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  • Instructing - Teaching others how to do something.
  • Active Listening - Giving full attention to what other people are saying, taking time to understand the points being made, asking questions as appropriate, and not interrupting at inappropriate times.
  • Learning Strategies - Selecting and using training/instructional methods and procedures appropriate for the situation when learning or teaching new things.
  • Reading Comprehension - Understanding written sentences and paragraphs in work related documents.
  • Speaking - Talking to others to convey information effectively.

Abilities for Indian/Native American Education Majors

Some of the most crucial abilities to master while a Indian/Native American education student include the following:

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  • Oral Expression - The ability to communicate information and ideas in speaking so others will understand.
  • Oral Comprehension - The ability to listen to and understand information and ideas presented through spoken words and sentences.
  • Speech Clarity - The ability to speak clearly so others can understand you.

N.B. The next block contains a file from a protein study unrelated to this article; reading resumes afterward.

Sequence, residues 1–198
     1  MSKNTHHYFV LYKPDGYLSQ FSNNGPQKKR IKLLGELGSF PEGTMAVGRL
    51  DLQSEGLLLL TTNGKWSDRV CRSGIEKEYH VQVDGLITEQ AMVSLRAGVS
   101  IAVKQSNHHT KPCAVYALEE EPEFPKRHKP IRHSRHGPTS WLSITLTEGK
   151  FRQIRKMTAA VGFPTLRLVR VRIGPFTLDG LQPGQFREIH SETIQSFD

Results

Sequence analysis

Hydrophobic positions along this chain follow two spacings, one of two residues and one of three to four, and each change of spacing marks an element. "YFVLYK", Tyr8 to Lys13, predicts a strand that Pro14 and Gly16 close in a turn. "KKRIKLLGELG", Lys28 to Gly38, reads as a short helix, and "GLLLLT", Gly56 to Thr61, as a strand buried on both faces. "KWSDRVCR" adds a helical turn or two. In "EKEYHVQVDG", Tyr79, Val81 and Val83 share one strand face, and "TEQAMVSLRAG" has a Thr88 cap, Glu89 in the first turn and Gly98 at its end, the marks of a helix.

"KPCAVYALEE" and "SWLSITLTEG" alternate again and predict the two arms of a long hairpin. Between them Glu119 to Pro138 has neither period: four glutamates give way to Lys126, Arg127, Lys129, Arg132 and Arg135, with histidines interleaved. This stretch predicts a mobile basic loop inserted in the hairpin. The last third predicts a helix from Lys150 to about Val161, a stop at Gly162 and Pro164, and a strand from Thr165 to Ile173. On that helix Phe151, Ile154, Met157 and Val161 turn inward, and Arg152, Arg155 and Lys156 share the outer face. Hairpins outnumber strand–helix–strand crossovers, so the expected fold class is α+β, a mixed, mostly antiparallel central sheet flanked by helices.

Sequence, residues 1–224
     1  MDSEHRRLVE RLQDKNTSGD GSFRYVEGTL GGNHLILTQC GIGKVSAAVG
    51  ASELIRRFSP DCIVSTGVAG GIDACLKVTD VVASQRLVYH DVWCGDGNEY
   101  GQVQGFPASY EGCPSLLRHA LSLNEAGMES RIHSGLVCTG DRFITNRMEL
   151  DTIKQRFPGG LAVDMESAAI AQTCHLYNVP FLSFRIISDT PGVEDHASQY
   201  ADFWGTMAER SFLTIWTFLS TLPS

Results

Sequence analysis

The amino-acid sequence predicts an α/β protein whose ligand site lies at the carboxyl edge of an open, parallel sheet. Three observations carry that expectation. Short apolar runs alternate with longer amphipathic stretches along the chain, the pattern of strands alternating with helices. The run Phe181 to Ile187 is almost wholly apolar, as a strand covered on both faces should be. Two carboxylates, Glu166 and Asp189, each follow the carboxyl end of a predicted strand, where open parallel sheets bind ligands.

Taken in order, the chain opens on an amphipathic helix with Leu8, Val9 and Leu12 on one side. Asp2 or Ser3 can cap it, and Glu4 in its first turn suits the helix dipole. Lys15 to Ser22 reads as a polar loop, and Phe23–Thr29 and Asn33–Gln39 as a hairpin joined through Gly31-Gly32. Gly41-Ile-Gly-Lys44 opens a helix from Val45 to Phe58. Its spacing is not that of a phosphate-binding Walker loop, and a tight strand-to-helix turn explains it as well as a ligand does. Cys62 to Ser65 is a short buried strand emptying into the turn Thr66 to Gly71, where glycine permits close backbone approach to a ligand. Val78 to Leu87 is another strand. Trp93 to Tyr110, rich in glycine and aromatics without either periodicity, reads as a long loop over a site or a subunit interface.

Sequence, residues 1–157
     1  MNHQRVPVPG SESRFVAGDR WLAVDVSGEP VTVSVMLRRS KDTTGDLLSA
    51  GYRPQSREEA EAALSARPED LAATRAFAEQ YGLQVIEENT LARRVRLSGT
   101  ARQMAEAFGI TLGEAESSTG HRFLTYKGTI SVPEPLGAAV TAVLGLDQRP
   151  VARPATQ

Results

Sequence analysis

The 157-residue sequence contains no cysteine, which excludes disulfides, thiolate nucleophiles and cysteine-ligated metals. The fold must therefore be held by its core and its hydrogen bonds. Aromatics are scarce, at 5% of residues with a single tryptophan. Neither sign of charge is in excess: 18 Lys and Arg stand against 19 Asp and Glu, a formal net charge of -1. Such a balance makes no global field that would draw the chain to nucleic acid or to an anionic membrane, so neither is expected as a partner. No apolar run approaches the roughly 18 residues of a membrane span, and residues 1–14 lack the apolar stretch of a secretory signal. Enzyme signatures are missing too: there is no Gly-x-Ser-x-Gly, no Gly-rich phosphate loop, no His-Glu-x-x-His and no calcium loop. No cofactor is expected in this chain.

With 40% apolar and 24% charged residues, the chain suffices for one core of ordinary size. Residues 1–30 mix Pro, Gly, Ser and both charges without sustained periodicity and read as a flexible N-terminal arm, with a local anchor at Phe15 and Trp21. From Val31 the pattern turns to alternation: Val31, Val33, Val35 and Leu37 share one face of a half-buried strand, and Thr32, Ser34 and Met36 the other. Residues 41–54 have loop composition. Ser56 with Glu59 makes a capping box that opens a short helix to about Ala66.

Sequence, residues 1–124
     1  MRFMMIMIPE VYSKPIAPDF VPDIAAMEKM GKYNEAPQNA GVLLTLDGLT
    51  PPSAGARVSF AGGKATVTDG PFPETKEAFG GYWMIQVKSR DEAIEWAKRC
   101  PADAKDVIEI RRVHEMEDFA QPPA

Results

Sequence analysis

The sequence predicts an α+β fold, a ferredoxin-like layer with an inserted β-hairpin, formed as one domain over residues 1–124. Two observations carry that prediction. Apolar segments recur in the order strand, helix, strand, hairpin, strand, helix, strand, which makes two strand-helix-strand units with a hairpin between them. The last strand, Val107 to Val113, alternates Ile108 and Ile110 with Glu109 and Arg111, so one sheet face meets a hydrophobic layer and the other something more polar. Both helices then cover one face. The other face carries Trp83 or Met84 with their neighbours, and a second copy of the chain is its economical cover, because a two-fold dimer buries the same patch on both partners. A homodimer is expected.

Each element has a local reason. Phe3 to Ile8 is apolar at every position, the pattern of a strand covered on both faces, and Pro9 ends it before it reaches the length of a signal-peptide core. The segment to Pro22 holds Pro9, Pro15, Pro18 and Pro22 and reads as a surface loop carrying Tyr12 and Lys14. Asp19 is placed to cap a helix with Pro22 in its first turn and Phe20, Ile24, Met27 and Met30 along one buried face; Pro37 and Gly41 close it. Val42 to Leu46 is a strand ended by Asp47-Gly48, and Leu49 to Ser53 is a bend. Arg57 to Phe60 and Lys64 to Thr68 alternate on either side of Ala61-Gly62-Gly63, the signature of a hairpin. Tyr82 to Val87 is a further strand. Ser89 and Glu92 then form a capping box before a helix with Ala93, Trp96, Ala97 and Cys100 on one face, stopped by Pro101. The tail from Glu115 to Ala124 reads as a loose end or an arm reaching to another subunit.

• Written Comprehension - The ability to read and understand information and ideas presented in writing.
  • Written Expression - The ability to communicate information and ideas in writing so others will understand.

What Can You Do With a Indian/Native American Education Major?

People with a Indian/Native American education degree often go into the following careers:

Job Title Job Growth Rate Median Salary
Tutors 9.9% NA

Who Is Getting a Bachelor’s Degree in Indian/Native American Education?

1 Bachelor's Degrees Annually
100% Percent Women
100% Percent Racial-Ethnic Minorities*

Racial-Ethnic Diversity

At the countrywide level, the racial-ethnic distribution of Indian/Native American education majors is as follows:

Racial-Ethnic Diversity of Indian/Native American Education Students with Bachelor's Degrees
Race/Ethnicity Number of Grads
Asian 0
Black or African American 0
Hispanic or Latino 0
White 0
International Students 0
Other Races/Ethnicities 1